Facciotti, Marc T. PhD
Interdisciplinary research programs have gained popularity in biology and in medicine during the last decade. It has been suggested that this new organizational emphasis may be traced to the success of the human genome sequencing project in which numerous engineers, biologists, computational scientists, and mathematicians worked together to achieve this well-defined goal. Its success, and that of many other sequencing projects, has catapulted the biological sciences forward to a point at which it is very difficult indeed to imagine biology proceeding without the firm grounding of numerous genome sequences. The emphasis on interdisciplinary science has, however, provoked some in the research community to question the very nature of interdisciplinary science. For instance, there appears to be some degree of confusion about how to best define interdisciplinary science and how to fit more traditional disciplinary science within the new research model.1 Another important issue being considered is understanding how established academic training centers-typically academic Universities that are organized by and teach students by discipline-should adapt their programs to this interdisciplinary future2,3 and whether their students' careers will ultimately benefit from this type of training.4 Despite these questions, it seems that the general notion of promoting interdisciplinary sciences is still popular and will in one incarnation or another be with us for the foreseeable future. Therefore, it is productive to consider, if even briefly, examples of successful interdisciplinary endeavors to apply lessons drawn from these models might help promote interdisciplinary research elsewhere.
Systems biology is an intriguing new interdisciplinary science that can serve as a good example of how to establish good training environments for interdisciplinary science. It seeks to "discover, model, understand and ultimately engineer at the molecular level the dynamic relationships between biological molecules that define living organisms."5 Eventually, its practitioners hope to use the knowledge and techniques developed by systems biology to engineer living systems and treat complex diseases. Although the philosophical underpinnings of systems biology (eg, the holistic approach to whole systems) are old ideas that have resurfaced, today they are distinguished from past incarnations by focusing clearly on understanding the complex and dynamic molecular-level phenomena within cells. The resurgence of systems biology has been catalyzed through advances in global measurement (eg, microarray, proteomics, metabolomics, etc.) and DNA sequencing technologies that have finally enabled us to more fully interrogate the molecular-level happenings of the cell. Despite this recent progress, it should be noted that we are likely still at the beginning of the development of this technological wave and that much more technology development will be required to deliver the grand promises of this new discipline. It is hoped, in health care for instance, that systems biology will impact not only new discoveries regarding complex diseases but also health care delivery, participation by patients, and even aspects of social behavior.6 The precise route to this future is not known but it is very likely that the technological and philosophical foundations being laid by early practitioners of systems biology will play a major role in bringing about this change.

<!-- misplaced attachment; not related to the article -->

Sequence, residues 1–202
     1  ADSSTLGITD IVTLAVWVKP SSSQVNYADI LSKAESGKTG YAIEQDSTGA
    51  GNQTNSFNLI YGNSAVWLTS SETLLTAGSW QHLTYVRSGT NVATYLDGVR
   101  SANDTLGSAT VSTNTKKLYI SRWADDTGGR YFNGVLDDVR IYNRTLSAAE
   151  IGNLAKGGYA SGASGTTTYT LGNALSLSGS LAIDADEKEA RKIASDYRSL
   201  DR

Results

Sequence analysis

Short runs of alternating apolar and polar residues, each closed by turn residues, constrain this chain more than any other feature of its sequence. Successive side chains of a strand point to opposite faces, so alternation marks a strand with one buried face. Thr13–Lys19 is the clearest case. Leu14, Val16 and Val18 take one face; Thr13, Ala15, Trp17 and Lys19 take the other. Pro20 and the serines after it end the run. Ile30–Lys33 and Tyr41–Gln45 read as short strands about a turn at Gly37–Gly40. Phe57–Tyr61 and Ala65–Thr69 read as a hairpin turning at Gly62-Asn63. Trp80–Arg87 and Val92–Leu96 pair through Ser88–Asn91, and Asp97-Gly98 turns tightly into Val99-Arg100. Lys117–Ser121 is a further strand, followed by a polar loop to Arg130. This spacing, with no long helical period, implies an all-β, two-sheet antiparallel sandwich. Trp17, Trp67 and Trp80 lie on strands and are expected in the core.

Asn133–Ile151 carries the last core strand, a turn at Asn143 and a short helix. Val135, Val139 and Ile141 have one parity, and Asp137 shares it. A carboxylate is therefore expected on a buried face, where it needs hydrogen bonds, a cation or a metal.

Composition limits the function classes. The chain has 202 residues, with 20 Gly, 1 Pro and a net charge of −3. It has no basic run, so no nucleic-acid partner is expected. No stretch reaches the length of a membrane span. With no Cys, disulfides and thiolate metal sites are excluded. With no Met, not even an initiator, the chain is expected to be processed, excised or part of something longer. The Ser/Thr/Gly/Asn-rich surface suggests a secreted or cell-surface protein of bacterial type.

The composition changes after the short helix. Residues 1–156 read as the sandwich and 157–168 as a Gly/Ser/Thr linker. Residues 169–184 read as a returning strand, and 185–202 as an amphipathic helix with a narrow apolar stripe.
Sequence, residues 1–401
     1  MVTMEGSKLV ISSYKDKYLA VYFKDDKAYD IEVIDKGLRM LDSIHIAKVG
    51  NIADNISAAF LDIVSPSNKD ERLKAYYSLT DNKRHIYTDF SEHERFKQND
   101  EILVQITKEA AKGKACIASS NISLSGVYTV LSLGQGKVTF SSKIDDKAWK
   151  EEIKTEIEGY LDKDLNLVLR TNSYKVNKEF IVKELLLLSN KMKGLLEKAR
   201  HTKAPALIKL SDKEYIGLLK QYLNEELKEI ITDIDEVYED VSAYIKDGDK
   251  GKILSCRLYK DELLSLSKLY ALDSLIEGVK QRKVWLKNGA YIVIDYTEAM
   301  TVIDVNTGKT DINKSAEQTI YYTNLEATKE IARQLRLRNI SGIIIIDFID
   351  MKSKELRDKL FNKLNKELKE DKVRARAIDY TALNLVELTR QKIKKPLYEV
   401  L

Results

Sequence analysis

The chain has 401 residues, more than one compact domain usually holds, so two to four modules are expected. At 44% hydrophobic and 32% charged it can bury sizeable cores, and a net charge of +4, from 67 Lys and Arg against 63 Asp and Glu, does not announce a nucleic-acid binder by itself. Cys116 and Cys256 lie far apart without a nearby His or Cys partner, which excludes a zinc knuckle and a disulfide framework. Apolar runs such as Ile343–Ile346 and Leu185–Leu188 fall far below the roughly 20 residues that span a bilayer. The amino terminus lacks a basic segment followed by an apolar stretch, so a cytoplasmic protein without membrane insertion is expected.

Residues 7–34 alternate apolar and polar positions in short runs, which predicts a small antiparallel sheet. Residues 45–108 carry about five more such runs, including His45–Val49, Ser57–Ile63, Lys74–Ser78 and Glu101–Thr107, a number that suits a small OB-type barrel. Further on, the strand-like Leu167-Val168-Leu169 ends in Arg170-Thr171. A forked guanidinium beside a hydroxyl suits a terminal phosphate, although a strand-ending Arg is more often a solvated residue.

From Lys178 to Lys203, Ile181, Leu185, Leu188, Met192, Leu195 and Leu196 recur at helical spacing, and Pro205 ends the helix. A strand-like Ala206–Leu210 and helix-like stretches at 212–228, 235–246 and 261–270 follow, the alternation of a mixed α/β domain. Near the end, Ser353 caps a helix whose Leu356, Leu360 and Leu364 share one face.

The heavy emphasis on technology development places a burden on the discipline to recruit and develop skilled engineers who are also well versed in the nature of biological systems. The ever-growing data sets also require biologically minded people with training in computer sciences, mathematics, and statistics to analyze and discover biological meaning from the mountains of data that the increasingly efficient high-throughput instruments are generating. Systems biology must also include people who have a deep understanding of biology and specific biological systems-from ecology to diseases-to provide fundamental insight into the systems in question. Thus, from both philosophical and technical perspectives, the challenges facing systems biology make it an interdisciplinary science.